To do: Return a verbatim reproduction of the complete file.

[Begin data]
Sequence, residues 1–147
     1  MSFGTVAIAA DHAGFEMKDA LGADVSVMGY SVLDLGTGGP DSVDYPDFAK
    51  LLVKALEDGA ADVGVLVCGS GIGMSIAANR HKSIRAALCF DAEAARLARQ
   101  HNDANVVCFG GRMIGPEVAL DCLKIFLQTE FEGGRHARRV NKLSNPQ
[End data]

Sequence, residues 1–147
     1  MSFGTVAIAA DHAGFEMKDA LGADVSVMGY SVLDLGTGGP DSVDYPDFAK
    51  LLVKALEDGA ADVGVLVCGS GIGMSIAANR HKSIRAALCF DAEAARLARQ
   101  HNDANVVCFG GRMIGPEVAL DCLKIFLQTE FEGGRHARRV NKLSNPQ